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Publication# Short 2-Move Undeniable Signatures

Résumé

Attempting to reach a minimal number of moves in cryptographic protocols is a quite classical issue. Besides the theoretical interests, minimizing the number of moves can clearly facilitate practical implementations in environments with communication constraints. In this paper, we offer a solution to this problem in the context of undeniable signatures with interactive verification protocols by proposing a way to achieve these protocols in 2 moves. To this goal, we review a scheme we proposed at Asiacrypt 2004 whose property is the full scalability of the signature length against security. We slightly modify (to make it non-transferable) a 2-move version of this scheme which was mentioned in the original article without a proof of security. In the random oracle model, we prove the security of the modified version against an active adversary and precisely assess the security in terms of the signature length. To the best of our knowledge, this scheme is the first 2-move undeniable signature scheme with a security proof.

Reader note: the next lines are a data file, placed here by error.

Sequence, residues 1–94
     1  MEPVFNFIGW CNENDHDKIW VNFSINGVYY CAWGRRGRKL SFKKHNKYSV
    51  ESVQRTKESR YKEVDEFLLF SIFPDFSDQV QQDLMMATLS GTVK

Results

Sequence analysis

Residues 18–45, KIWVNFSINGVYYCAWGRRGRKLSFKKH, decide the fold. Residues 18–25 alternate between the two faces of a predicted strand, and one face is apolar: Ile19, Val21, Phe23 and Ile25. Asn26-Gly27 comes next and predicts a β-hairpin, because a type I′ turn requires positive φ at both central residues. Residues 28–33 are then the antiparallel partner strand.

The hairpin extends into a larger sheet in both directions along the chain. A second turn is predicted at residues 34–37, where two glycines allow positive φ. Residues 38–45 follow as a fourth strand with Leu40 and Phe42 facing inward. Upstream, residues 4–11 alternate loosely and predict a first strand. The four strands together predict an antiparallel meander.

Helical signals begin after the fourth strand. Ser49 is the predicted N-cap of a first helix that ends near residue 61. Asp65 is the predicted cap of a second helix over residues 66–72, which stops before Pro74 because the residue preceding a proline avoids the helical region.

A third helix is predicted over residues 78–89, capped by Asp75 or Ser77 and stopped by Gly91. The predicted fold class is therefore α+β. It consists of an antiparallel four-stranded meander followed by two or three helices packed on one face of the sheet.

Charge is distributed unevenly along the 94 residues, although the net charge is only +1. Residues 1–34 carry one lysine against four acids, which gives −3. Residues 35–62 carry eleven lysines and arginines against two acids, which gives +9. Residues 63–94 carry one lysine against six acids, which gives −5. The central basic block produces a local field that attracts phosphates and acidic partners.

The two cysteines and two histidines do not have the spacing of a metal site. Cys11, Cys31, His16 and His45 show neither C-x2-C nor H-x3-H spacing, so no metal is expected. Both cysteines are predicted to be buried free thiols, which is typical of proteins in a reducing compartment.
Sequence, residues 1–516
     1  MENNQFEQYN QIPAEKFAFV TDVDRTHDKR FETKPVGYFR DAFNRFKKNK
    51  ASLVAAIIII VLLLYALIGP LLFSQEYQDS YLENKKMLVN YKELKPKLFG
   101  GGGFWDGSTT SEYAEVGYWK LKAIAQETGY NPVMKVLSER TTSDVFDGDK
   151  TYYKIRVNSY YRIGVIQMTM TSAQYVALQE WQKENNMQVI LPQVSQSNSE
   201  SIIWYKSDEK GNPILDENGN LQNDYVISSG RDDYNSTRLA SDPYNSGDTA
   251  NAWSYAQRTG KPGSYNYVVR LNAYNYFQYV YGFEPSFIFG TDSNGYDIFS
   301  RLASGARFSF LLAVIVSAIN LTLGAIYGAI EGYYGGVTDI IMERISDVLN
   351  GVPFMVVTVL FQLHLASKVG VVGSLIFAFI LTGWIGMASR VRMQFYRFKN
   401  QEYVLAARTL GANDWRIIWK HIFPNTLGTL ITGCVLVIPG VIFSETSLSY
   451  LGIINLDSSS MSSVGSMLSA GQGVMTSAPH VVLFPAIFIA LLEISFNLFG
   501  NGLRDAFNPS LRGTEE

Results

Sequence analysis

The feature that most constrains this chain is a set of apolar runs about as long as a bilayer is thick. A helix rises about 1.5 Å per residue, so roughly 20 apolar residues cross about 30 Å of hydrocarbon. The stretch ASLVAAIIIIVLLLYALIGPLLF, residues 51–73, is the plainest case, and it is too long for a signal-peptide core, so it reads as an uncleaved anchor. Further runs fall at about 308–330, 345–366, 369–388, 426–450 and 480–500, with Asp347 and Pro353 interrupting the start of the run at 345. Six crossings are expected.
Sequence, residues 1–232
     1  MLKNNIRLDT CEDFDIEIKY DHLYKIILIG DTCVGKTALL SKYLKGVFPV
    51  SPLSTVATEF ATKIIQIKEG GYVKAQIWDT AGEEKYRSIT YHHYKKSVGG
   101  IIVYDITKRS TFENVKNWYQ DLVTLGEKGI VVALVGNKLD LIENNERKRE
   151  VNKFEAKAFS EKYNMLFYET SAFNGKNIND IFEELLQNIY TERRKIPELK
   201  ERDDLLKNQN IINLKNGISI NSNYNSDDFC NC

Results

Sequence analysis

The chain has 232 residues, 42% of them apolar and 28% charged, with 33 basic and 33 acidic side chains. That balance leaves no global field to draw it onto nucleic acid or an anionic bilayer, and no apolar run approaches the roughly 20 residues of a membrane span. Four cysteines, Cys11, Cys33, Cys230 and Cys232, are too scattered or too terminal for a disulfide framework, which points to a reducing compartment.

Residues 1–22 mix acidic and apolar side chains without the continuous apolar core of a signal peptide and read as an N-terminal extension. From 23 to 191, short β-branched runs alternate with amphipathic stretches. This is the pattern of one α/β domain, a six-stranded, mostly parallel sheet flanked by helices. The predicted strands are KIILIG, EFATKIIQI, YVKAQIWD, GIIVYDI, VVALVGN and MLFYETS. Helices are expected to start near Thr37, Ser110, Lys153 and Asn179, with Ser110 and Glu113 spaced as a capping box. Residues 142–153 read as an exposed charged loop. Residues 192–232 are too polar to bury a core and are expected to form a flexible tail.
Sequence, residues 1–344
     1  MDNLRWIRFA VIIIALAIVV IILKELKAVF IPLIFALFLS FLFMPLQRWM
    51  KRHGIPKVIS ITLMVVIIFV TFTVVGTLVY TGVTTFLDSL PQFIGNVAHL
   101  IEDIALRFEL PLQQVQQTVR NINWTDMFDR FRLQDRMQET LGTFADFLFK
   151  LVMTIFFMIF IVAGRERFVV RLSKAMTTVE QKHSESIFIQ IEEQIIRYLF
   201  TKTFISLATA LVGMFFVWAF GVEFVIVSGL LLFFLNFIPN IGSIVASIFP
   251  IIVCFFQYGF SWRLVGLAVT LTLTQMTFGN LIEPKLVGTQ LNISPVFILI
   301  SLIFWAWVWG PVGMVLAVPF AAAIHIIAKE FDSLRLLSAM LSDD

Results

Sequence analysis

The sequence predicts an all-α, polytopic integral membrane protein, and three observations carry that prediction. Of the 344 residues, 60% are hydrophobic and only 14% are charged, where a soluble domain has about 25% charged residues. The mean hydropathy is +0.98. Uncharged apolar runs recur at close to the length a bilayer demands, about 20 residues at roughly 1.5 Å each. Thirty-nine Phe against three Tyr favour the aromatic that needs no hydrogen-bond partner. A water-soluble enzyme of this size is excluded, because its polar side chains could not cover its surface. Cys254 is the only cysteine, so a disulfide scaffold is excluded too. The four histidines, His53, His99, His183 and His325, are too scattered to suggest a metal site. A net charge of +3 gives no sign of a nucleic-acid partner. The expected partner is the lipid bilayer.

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Related key attacks (RKAs) are powerful cryptanalytic attacks where an adversary can change the secret key and observe the effect of such changes at the output. The state of the art in RKA security protects against an a-priori unbounded number of certain algebraic induced key relations, e.g., affine functions or polynomials of bounded degree. In this work, we show that it is possible to go beyond the algebraic barrier and achieve security against arbitrary key relations, by restricting the number of tampering queries the adversary is allowed to ask for. The latter restriction is necessary in case of arbitrary key relations, as otherwise a generic attack of Gennaro et al. (TCC 2004) shows how to recover the key of almost any cryptographic primitive. We describe our contributions in more detail below. 1. We show that standard ID and signature schemes constructed from a large class of -protocols (including the Okamoto scheme, for instance) are secure even if the adversary can arbitrarily tamper with the prover's state a bounded number of times and obtain some bounded amount of leakage. Interestingly, for the Okamoto scheme we can allow also independent tampering with the public parameters. 2. We show a bounded tamper and leakage resilient CCA secure public key cryptosystem based on the DDH assumption. We first define a weaker CPA-like security notion that we can instantiate based on DDH, and then we give a general compiler that yields CCA-security with tamper and leakage resilience. This requires a public tamperproof common reference string. 3. Finally, we explain how to boost bounded tampering and leakage resilience (as in 1. and 2. above) to continuous tampering and leakage resilience, in the so-called floppy model where each user has a personal hardware token (containing leak- and tamper-free information) which can be used to refresh the secret key. We believe that bounded tampering is a meaningful and interesting alternative to avoid known impossibility results and can provide important insights into the security of existing standard cryptographic schemes.